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Sometimes we can feel as if everything is going wrong and we don’t know what to do. At these points in our life we might say “I’m stressed” – but what do we mean by this?

The first thing to note is that some feelings of anxiety can be useful. Imagine if Wonder Woman had not become anxious when she learnt about Dr. Poison’s plans to develop a new bio-weapon? Wonder Woman might have decided to stay in the island of Themyscira rather than teaming up with pilot Steve Trevor to defeat the threat. Therefore, experiencing a small amount of anxiety can be helpful.

In fact, as we go about our lives, we are all on the lookout for danger. When we walk across a road, for example, we will check for cars so we can avoid them. When we see a potential threat, that information is passed to an area of the brain called the amygdala, which checks if we really are in danger. The amygdala is like Spider-Man’s amazing spider-sense which allows him to detect danger in the environment. However, Spider-Man’s amygdala may be a little more enhanced compared to ours as he can sense something is wrong even before it happens.

Once our amygdala has confirmed that we are facing a threat it passes this information on to another area of the brain called the hypothalamus. The job of the hypothalamus is to get us ready for action. Some superheroes, like Superman and Daredevil, have enhanced hearing, which means that they can sense very quickly that there might be a threat in the environment. For example, as soon as they hear the heart rate of people around them increasing, the amygdala can sense the potential danger and the hypothalamus can get them ready for action. The quick action of the amygdala and the hypothalamus can also keep us safe from threats such as speeding cars or stray footballs.

However, sometimes our stress response can go wrong, and we might feel like we are stuck on high alert even though we are not in immediate danger. Or we might start to feel sad and burned out because we have been anxious for a long time. This can be hard to deal with and can make us feel upset or angry. It is important to remember that these feelings are temporary and there are lots of things we can do to help us feel better. When we look at the world of superheroes, we can see that superheroes often feel upset and can find it difficult to relax. For example, after the battle in Sokovia and the defeat of Ultron, Bruce Banner (aka the Hulk) leaves Earth as he is finding it difficult to deal with all the destruction he has seen. Thor (the God of Thunder) finds Bruce on the planet Sakaar where he has taken the form of the Hulk and is fighting as the Grandmaster’s champion in the battle arena. Thor tries to calm the Hulk down using the calming techniques used by the Black Widow, but it does not work. However, slowly over time Bruce learns to control his anxiety and with the help of his friends he starts to feel better.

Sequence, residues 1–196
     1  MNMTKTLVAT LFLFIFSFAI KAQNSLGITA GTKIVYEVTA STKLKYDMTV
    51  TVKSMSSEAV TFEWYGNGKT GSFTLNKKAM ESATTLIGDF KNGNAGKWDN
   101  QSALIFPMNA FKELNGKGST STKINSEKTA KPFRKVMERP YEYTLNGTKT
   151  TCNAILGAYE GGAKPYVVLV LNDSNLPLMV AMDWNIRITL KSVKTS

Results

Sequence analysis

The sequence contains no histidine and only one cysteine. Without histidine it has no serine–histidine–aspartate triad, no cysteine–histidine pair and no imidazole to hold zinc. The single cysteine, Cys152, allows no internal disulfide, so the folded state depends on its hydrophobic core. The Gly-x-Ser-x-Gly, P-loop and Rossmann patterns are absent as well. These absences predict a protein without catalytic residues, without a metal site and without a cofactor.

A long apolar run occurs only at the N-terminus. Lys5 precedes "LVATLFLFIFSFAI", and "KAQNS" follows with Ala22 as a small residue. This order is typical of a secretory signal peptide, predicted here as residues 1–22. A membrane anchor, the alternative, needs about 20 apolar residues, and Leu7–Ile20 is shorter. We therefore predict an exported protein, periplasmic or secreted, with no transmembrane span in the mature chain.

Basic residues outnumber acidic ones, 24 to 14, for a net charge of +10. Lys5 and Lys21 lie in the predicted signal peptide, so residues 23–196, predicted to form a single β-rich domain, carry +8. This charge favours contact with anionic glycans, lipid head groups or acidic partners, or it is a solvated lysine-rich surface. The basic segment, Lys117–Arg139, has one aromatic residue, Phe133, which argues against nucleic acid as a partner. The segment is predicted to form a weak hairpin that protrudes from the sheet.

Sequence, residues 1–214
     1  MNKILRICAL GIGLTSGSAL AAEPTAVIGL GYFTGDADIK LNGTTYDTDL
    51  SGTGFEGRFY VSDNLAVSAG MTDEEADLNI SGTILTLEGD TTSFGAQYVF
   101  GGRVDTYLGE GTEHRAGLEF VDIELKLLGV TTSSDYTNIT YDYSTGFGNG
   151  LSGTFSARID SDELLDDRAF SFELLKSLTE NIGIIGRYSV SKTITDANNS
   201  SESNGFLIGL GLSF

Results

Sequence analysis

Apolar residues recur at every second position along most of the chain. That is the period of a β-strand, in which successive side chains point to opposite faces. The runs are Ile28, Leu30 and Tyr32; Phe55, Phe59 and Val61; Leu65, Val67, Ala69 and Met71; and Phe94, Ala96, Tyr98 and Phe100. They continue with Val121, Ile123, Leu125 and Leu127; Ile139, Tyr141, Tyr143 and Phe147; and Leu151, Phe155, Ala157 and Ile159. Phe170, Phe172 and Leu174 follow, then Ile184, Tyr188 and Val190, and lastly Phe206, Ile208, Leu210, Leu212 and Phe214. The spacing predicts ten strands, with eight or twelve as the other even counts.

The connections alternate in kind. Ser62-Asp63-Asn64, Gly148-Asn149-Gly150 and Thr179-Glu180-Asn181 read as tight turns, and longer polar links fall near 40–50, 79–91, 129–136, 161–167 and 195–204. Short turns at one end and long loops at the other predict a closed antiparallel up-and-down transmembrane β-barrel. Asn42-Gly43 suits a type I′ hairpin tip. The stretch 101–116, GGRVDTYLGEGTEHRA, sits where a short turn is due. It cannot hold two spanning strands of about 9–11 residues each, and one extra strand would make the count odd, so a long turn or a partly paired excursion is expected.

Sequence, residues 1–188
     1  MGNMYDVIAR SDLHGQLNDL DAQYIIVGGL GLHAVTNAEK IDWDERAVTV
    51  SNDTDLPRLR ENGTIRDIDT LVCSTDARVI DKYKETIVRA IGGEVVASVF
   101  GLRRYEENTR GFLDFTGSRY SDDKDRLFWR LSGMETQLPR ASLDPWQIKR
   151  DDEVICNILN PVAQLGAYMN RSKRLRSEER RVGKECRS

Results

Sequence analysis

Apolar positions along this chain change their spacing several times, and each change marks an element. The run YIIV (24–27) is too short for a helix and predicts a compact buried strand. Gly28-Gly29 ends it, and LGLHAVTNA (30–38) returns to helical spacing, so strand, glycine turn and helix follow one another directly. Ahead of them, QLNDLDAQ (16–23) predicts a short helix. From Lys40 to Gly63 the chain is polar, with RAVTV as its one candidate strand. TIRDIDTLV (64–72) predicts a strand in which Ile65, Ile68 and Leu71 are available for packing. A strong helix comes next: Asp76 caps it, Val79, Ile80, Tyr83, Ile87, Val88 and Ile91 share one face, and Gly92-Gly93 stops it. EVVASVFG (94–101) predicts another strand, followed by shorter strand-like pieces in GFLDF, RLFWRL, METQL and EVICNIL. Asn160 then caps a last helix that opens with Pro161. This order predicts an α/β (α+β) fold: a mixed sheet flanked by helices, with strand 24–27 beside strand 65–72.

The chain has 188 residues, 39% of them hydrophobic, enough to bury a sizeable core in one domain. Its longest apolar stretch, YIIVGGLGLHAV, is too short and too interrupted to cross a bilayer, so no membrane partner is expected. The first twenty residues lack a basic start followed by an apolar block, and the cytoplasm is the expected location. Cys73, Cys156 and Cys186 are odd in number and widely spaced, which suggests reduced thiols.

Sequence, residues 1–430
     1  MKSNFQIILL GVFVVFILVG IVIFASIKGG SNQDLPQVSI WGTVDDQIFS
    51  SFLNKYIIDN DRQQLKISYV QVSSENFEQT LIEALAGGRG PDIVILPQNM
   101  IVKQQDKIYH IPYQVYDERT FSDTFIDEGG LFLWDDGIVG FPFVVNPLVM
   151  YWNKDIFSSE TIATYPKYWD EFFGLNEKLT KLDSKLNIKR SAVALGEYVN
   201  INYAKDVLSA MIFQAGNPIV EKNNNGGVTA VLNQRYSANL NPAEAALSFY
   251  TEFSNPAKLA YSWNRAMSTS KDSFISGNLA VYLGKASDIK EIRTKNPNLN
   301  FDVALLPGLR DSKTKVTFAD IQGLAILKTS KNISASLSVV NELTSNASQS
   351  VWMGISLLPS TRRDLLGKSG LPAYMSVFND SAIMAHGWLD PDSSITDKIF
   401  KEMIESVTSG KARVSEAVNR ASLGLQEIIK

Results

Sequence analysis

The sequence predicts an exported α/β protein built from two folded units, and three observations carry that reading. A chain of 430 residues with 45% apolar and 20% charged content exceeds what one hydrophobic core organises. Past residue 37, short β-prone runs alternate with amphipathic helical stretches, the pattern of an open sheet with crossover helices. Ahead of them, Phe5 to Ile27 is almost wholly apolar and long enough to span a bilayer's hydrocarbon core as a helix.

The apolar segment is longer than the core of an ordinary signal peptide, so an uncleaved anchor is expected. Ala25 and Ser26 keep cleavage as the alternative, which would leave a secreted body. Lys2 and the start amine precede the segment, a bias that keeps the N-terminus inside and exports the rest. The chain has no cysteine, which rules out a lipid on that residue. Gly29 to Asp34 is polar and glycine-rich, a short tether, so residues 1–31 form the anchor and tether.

“I need a day when there aren’t twenty crises to deal with, but I don’t see that coming any time soon.” – Iron Man

By the time we see the Hulk again in the Avengers Endgame movie we find him still green but happy and relaxed. Bruce Banner has learnt to deal with the unhappiness he was feeling and is looking after his wellbeing. In the other sections you will find some useful information on how to look after your wellbeing so you can feel happier and chilled too.

If you want to learn more about managing your anxiety check out the No Panic Youth Hub: